19. Will McEwan says:

    Result of the Hustings in Shetland tonight .
    Start of meeting – YES 58 NO 57 Undecided 31
    End of meeting YES 70 NO 48 Undecided 22
    Scottish Secretary of State Alistair Carmichael got tanked on his own patch by Mike Mackenzie MSP

    1. James Coleman says:

      That’s the way to do it!

  20. Big Jock says:

    Tavish Scott is a mischief maker.Let’s be clear about this.Shetland and Orkney have never been sovereign independent nations.So there is no historical statement of nationhood.As far as I am concerned we may as well be talking about Mull or Skye.The nation is still Scotland of which they are part of.The referendum is about Scottish independence and nothing other than that.So if the majority of people say no in Shetland but yes in Scotland are they going to ask London to send in the troops to defend them from Scotland…remember the 6 counties in N Eire! The most twisted and sinister thing about Tavish is that he wants to stop Scotland from self determination at any cost.Seriously do the good people of Shetland want to be run from London rather than Edinburgh.Its just plain stupid.If an independent Scotland wants to devolve power to the isles later on then that bridge can be crossed.But for heavens sake let’s get control back from London first.Any devolution later on would not be the same as Wales and Scotland is at the moment.Scotland is a nation but Orkney is an island within a nation..there is a difference.In actual fact if the dowry for Queen Margaret was ever to be paid by Norway.Norway could reclaim Orkney.Historically it was mortgaged in lieu of the dowry.Anyway these kind of discussions are just in order to try and divide and rule.Its the oldest trick in the book and the Brits card of choice when they are losing the fight.

  21. evan says:

    If the geopolitical situation in the world does not change, next year will be the first year in two-hundred and fifty years that british soldiers will not be fighting abroad bringing “democracy and civilisation” to someone else!!!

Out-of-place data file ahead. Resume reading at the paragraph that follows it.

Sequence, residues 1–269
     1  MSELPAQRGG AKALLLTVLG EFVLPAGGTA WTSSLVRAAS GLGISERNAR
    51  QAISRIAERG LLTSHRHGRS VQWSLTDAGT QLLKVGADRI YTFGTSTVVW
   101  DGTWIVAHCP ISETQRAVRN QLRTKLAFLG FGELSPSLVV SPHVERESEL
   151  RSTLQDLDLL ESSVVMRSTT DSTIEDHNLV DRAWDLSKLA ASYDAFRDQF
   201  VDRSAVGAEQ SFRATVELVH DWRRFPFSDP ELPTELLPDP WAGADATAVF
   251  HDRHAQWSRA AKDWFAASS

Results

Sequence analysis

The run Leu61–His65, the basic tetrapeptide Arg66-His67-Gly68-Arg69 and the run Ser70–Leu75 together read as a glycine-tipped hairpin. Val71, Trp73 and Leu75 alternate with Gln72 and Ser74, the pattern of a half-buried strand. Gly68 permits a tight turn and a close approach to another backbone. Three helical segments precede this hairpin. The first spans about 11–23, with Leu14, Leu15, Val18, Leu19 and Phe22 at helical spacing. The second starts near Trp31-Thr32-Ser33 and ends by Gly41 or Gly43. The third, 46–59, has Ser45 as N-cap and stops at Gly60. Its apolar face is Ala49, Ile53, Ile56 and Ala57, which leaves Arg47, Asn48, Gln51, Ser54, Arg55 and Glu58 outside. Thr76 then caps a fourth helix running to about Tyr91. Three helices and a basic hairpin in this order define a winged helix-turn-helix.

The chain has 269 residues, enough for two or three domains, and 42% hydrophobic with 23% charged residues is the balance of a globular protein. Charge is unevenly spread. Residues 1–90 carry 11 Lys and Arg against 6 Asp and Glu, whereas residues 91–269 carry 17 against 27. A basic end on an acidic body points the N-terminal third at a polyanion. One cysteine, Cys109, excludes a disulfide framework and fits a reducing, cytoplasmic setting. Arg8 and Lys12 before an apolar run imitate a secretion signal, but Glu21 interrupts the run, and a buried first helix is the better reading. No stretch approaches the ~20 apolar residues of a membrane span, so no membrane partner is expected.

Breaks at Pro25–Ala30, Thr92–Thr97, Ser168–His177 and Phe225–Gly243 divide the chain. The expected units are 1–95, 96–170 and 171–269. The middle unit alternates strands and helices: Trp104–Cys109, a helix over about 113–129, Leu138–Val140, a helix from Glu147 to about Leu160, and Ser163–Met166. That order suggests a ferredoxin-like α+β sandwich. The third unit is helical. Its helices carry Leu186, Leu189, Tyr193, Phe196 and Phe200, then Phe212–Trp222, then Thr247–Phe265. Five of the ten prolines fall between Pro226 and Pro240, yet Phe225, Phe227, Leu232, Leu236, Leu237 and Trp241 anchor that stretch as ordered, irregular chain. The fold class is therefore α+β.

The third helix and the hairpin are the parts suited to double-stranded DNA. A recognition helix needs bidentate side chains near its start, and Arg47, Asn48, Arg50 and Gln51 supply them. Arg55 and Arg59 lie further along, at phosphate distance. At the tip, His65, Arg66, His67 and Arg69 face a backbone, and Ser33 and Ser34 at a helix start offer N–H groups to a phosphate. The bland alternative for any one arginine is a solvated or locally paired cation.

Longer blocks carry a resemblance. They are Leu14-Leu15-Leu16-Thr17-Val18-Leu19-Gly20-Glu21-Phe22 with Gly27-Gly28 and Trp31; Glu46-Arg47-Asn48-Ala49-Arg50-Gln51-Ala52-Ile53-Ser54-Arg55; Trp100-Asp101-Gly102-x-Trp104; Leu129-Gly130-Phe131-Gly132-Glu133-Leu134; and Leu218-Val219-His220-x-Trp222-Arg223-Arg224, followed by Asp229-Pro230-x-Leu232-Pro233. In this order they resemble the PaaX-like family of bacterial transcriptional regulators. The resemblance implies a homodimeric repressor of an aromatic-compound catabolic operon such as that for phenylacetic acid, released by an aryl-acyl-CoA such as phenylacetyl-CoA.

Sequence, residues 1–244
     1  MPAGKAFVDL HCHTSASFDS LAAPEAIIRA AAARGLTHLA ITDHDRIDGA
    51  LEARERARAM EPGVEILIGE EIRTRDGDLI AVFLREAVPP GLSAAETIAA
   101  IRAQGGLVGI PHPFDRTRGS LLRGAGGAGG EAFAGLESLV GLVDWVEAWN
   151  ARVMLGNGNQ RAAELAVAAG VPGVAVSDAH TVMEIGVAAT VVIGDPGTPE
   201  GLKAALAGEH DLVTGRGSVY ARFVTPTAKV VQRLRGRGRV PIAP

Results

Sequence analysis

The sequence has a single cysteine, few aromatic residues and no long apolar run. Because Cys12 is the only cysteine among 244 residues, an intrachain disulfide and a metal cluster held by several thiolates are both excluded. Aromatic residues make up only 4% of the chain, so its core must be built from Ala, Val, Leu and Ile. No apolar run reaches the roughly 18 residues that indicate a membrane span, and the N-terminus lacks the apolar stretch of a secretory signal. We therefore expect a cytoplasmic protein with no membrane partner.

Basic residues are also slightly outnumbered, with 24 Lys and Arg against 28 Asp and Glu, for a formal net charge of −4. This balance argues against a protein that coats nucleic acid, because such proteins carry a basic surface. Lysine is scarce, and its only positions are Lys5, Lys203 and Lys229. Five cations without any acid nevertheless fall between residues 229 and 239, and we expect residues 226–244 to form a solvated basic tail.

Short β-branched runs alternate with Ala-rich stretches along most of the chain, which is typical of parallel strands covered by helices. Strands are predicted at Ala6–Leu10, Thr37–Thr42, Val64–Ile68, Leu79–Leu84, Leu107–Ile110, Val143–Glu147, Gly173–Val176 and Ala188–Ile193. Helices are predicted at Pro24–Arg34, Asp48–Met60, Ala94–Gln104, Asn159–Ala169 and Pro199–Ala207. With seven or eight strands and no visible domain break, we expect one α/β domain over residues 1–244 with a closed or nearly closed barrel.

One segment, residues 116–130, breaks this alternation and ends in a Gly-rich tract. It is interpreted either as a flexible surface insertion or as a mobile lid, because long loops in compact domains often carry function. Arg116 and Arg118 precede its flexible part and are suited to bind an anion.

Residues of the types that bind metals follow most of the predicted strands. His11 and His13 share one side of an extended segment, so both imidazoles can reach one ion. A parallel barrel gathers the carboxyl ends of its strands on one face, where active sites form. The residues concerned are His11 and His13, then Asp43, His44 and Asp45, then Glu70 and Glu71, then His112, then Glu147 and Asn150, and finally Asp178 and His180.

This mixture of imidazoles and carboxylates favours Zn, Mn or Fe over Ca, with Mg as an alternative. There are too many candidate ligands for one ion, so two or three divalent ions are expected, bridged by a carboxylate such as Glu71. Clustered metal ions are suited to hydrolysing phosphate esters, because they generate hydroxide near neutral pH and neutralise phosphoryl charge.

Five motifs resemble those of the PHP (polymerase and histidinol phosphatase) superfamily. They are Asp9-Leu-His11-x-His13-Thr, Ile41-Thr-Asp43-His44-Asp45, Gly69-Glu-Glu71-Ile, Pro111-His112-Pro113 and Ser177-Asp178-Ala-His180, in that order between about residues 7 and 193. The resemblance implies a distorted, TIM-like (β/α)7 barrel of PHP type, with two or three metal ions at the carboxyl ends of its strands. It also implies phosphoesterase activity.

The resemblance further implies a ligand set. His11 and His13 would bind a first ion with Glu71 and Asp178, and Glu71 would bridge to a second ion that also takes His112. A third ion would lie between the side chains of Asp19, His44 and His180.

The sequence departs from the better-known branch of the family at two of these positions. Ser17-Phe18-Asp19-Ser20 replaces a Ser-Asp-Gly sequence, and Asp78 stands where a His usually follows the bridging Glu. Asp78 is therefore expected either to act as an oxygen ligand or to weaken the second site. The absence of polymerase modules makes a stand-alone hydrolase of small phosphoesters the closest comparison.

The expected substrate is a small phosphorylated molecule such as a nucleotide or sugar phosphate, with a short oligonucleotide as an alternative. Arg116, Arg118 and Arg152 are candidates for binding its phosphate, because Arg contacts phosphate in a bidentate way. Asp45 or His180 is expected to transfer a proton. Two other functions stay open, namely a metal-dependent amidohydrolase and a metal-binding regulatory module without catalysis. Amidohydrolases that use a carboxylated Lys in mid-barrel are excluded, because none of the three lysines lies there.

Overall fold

Forget all the propaganda!!! Just become independent so Scotland can stop supplying soldiers to english!!!
    The rest of the world would appreciate you Scots very much for that!!!

    1. hektorsmum says:

      You Scots, Evan. Well we would have rather been at peace over the last 250 years. Most of our soldiers went to war to put food on the table back at home. I know my Dad was a boy soldier, right before the advent of World War 2. It says much about this Union that there are still young men putting their lives on the line for the same reason, either join the Army/Navy or Air Force as my youngest uncle did at 17 or remain unemployed.

  22. Joan Mardy says:

    How about we leave behind what happened in past centuries and let islanders determine the status of their islands in a referendum.

    People living outside the islands are welcome to support us having that right: they are welcome to sign the petition for islands referenda, which is here.

    If any islanders don’t want to have that chance, then they should maybe stop being so pessimistic about their neighbours 🙂 and in any case they can abstain in the Shetland referendum if they wish.

    And there is no “rule” which says 50000 signatures are needed before a petition will get parliamentary time. Maybe you can correct that, Malachy?

  23. Lochside says:

    I used to go out with a girl from Lerwick and knew many students at Aberdeen Uni from the Northern Isles. Never did she or they regard themselves anything other than Islanders first and Scots second. But British? never! The Shetland dialect has a Norse accent but is full of auld Scots words. Genetically, they are marginally Scottish (refer to Moffat’s latest DNA research). But most importantly, they have always primarily come to Scottish Universities, live by Scottish law, support Scottish sporting teams.

    Shetland, like Argyll, over the last 40 years, has seen a steady stream of English people escaping the ‘rat race.’ Most have settled amicably and contributed to the communities. However, what is sometimes the case, unlike other nationalities who arrive, a minority do not appear to accept that Scotland is a nation, with separate regions, distinct, and with different traditions. These individuals are, in my experience, hostile to Scottish independence and exhibit this by supporting ridiculous assertions that e.g. Shetland and Orkney should secede from an independent Scotland. Suggest to them that England could return the originally French Channel Isles to their ‘home’ is treated, correctly, with disdain.